Nairobi — Nairobi Senator Edwin Sifuna has stated that the court order Moses Wetangula, Speaker of the National Assembly, used in his decision on Sabina Chege's continued appointment as the House Deputy Minority Whip on Thursday is dubious.
Speaking on Citizen Tv on Thursday, Sifuna stated that the court order in question, was not served to the minority party prior to the decision and may not be legal because it violates a requirement of the Parliamentary standing rules.
"Everybody can read when we are telling the truth, I don't think there is a court order first because I have not seen it. It just doesn't make any sense to me until I see it," he said.
"The way it was communicated, if you have a court order affecting me, you must serve me. If Deputy Minority Leader Robert Mbui has not seen that court order, Wetangula has not shown the minority party the order, then it is a suspicious order."
The Senator argued that if Wetangula had received a court order, the minority Azimio la Umoja One Kenya side should have been served as the respondents.
In addition, he questioned the constitutionality of the purported order preventing Sabina's release, claiming that no court or High Court Judge with proper standing would have made such an order because it is illegal.
Sifuna asserts that the Speaker is prohibited from choosing the leadership of any political party by the standing rules of both Houses, and that any judge would have advised the petitioner to pursue the party's internal conflict resolution procedures instead.
"A court exercising properly its judicious mind to an application such as that, would be hesitant to issue a court order when challenging something passed a year ago," said Sifuna.
"It reeks of forum shopping where people have identified a certain court that can issue favorable orders, reeks of interference by unseen hands and is wrong on all fronts because the standing orders of the National Assembly mirror those of the Senate and the Speaker has no role in determining the leadership of the minority side."
He added, "In the last administration there was a spectre of fake court orders and the Judiciary had to develop a court order with a code so that you verify with the Registrar that this is a real court because I don't believe that a person sitting in a position of a High Court judge knowing there is a forum for dispute resolution involving political parties and their members would issue such an order."
Sifuna's statement comes when Speaker Wetangula indicated that he cannot effect the changes by the Azimio Coalition Parliamentary Group meeting given conservatory orders given on petition filed in Kiambu Court barring the changes.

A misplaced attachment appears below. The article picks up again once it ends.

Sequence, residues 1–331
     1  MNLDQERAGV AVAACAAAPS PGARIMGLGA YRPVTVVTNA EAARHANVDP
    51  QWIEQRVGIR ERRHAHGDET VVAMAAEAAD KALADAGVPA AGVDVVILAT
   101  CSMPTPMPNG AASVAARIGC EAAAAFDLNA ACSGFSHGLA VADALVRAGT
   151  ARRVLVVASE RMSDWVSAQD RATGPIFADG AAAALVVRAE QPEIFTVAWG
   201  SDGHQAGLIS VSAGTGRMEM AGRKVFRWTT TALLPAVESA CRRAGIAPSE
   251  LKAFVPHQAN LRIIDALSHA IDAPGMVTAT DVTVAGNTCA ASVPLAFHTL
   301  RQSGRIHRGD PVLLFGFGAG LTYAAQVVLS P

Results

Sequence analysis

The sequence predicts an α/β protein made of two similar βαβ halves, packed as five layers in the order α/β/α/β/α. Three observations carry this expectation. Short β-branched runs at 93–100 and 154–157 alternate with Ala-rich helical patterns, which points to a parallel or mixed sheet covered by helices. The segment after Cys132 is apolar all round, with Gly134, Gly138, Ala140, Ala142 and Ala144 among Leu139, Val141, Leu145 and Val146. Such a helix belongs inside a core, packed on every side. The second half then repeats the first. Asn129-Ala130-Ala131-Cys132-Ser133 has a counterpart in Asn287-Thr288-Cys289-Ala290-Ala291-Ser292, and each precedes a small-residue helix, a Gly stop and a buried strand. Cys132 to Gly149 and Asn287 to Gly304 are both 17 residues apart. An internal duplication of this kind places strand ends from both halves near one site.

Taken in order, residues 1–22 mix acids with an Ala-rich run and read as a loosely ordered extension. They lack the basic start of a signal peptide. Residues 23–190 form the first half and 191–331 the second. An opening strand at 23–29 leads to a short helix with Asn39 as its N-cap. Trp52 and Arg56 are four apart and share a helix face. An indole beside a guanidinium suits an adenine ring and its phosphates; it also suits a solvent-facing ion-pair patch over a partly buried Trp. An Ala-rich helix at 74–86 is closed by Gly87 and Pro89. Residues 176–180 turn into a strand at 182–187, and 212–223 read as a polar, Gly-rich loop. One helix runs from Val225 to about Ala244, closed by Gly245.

"I have ruled that you have procedurally followed every step, and I have no difficulty with your decision to remove your deputy whip, but there is a court order that strangely your party and coalition is not party to, I would advise that you seek to be enjoined,"Wetangula said.
"I am confronted by a court order that specifically cited both speaker and the house as parties to a judicial process that seems to challenge an administrative process,"he added.
Wetangula ruled that the letter by Minority Leader seeking to have Chege replaced by Embakasi West MP David Mwenje will not take effect until the conservatory orders have been set aside.
"Until and unless further information is provided that this court order has been varied or set side, the court order effectively suspends the decision by the minority party on the replacement of Sabina Chege as the minority whip,"Wetangula said.
A pandemonium sitting was witnessed in the National Assembly on Thursday Afternoon forcing seven MPs to be suspended following the chaos that rocked the plenary sitting.
National Assembly Speaker Moses Wetangula suspended the seven who are accused of causing mayhem during his communication that retained Nominated MP Sabina Chege as the deputy minority whip.
In the heated session, one MP was reportedly injured after fights broke out in the national Assembly forcing the Speaker to suspend the sitting for fifteen minutes to contain the situation.
When the house resumed its sittings, MPs Millie Odhiambo (Suba South), Rosa Buyu (Kisumu), Chege and TJ Kajwang (Ruaraka) were kicked out for a period of two weeks after the speaker invoked the standing orders.
Fatuma Muyanzi (Malindi), and Catherine Omanyo (Busia) were barred from the house sittings for a period of five days while and Joyce Kamene was ordered out for a period two sittings.
Irked by the action taken by the National Assembly Speaker, Minority Leader Opiyo Wandayi threatened that they will submit a motion of no confidence against the speaker accusing him of being biased.
"Things cannot continue in this manner in this house anymore, and we have decided to bring a motion of impeachment against the person of Moses Wetangula as the speaker, and we expect him to prioritize that motion,"said Wandayi.
The Deputy Minority Leader Robert Mbui accused Speaker Wetangula of acting under the whims of the majority coalition.
"The main issue we have a problem with is that the speaker wants the majority to dictate who will lead the minority, we have made a decision who we want to lead us, it's not logical and it's not moral, if I was Sabina I would have resigned, we won't allow the majority to continue controlling us," said the deputy majority leader.